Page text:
Today is not just a great day for fans of Ripper Street but for the cast itself – and especially MyAnna Buring who has remained involved in the online campaign to revive the period crime drama, which was axed by the BBC in December.
Known for playing Long Susan opposite Matthew Macfadyen, Jerome Flynn and Adam Rothenberg, the 34-year-old Swedish actress was instrumental in encouraging fans to petition in favour of the show returning. This morning brought their reward with the announcement that a third series will be made by Amazon Prime Instant Video. Production could begin as soon as May with episodes made available exclusively on the online streaming service before being shown on BBC1 a few months later.
When RadioTimes.com spoke exclusively to MyAnna earlier today, she was full of praise for the fans who "inspired" the deal to bring back the crime drama set in Victorian Whitechapel.
"Without the audience support I don't think the BBC would be willing to look into a deal like this. I don't think Amazon would have come on board and I don't think it would have been possible without them.
"They created this energy and drive for everyone who was pushing to get this show back. They've played a massive part and it's quite lovely in this day and age to know that we do have a voice and as an audience member you do have a say in what you get to see and distributors and financiers will listen to you."
And she's right. Ever since the BBC first announced the cancellation back in December last year, the support has been pouring in with a series of petitions earning thousands of signatures. Here at RadioTimes.com, we received and read scores of outraged comments reacting to the axing and, in turn, we marvelled as readers showed their enthusiasm for Ripper Street once again by voting it their favourite show of 2013 – a turnout which didn't go unnoticed by MyAnna.
"Radio Times have been the most amazing supporters of the show," she said, "and we were blown away with all the support that you gave us. Winning the best drama was incredible and having publications like you allowing a television-watching audience to remain very involved is fantastic. It keeps the dialogue alive and that's exciting. You allow us to remain invested in the story long after we've finished filming it and you're the connection between us and the audience. It feels like we're celebrating it with you guys, too. You did champion us."
So, now the show is being taken on by Amazon, will we see a change in tone from creator Richard Warlow and his team of writers? "I think perhaps the writers are going to be less scared of pushing storylines," revealed MyAnna. "For example, the nine o'clock watershed and the restrictions that might place on a show – I think they're not going to worry about it so much.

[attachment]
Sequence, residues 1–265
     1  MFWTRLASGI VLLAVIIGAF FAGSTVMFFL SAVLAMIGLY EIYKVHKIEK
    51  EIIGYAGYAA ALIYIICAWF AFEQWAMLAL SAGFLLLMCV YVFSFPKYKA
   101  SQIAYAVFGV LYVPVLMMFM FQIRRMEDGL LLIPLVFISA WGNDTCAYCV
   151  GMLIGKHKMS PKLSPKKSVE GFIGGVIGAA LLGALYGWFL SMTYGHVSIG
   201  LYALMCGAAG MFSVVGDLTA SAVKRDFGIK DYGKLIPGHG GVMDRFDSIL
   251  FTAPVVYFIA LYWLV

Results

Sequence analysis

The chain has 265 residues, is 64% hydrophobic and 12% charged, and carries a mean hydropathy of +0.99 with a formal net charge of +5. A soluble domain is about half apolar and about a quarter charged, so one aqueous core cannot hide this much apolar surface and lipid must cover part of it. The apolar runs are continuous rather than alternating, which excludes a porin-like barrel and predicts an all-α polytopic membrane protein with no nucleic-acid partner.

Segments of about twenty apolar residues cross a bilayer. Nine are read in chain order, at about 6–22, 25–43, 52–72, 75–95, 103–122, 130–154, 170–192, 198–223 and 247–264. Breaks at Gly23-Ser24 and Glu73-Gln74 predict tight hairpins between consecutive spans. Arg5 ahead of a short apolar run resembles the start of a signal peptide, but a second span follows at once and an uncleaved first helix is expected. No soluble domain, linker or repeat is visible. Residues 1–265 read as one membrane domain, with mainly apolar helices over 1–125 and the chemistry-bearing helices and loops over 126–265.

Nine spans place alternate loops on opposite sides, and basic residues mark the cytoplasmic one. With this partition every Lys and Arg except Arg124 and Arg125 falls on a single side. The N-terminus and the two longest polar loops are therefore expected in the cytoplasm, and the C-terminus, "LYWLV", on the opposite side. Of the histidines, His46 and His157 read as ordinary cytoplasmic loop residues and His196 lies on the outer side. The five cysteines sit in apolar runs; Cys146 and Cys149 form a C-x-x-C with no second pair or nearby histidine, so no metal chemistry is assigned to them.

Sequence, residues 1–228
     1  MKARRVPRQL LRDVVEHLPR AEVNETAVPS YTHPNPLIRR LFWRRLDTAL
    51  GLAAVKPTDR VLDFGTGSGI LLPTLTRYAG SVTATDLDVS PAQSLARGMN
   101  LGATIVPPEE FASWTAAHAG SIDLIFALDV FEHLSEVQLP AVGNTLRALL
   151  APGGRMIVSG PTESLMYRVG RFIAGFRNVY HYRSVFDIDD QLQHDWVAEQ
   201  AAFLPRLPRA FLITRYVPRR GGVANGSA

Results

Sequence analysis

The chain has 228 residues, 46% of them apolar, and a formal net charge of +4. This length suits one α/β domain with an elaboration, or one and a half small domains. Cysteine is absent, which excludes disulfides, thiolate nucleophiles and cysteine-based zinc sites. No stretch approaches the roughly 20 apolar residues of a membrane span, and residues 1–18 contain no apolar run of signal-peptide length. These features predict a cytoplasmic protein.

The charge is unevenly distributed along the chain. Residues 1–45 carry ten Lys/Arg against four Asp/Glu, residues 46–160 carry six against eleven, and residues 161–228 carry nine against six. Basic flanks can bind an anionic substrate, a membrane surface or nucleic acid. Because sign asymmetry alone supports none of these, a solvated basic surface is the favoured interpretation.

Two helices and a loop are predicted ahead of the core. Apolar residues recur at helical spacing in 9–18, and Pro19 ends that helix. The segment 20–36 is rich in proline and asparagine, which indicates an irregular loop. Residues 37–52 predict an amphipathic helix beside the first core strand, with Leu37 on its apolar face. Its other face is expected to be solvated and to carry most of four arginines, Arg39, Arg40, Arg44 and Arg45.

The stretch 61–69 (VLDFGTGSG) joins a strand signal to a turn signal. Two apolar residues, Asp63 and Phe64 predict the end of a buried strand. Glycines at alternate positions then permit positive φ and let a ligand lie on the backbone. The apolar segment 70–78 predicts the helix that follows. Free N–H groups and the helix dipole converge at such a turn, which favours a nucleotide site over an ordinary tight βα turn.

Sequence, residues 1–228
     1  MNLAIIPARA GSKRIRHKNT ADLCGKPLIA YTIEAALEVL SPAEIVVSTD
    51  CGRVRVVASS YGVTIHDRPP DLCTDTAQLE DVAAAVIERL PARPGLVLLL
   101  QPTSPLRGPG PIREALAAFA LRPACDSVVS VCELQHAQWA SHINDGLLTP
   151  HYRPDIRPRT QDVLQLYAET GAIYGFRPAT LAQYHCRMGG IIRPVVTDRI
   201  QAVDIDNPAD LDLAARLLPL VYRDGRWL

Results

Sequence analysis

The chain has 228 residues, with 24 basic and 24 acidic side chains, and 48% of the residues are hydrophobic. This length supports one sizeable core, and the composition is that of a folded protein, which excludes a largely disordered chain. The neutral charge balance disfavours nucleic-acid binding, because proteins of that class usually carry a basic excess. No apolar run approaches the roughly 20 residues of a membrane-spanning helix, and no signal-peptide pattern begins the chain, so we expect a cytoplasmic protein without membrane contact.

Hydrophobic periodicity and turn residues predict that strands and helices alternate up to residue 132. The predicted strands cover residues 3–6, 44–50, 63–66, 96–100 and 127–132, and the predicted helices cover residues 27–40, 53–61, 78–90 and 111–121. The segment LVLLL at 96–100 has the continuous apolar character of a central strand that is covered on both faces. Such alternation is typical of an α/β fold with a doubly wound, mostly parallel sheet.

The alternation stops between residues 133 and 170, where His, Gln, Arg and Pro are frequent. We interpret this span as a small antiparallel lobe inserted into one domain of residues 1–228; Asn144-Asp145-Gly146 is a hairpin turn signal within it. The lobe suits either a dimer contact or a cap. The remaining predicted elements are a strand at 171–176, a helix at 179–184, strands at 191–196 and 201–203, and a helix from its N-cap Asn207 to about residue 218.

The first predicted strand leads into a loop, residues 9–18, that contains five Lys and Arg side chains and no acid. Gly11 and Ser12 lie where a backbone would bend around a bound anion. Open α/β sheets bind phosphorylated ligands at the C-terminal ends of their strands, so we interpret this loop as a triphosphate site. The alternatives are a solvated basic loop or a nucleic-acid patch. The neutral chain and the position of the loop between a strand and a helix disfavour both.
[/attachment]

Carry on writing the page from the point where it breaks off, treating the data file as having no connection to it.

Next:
"That doesn't necessarily mean it's going to get more violent or more gritty or anything like that – I think it's quite a violent show as is but not gratuitously so. It shows violence for a reason – it is a cop series set in the late 1800s. You can't tell a story like that and not have violence, I feel you'd be doing a disservice to the story. But without a doubt I think the writers can breathe now."
Buring can expect plenty of those storylines to include her character, Long Susan, after Warlow revealed to RadioTimes.com that she will "come right to the forefront of things this time around".
"I'm intrigued to see where Long Susan is going to go and where they push her," added Buring. "We saw her go through quite a lot last year, bless her cotton socks, in having to deal with a husband being useless, not being able to stand up for her or look after her in any meaningful, useful way and having to succumb to the horrific demands of [Silas] Duggan."
Viewers will no doubt be excited to see what the future holds, but is MyAnna hoping there is life in Ripper Street beyond the confirmed third series? "I think it could go on and on but the way I am thinking at the minute is just celebrating the third season and eagerly anticipating what's going to happen in that before I worry about a fourth.
"We didn't feel like we'd finished the story last time and now it feels like we get a chance to create some closure. Whether that happens or whether they carry on is in the hands of the writer and audiences and our producers." Watch this space...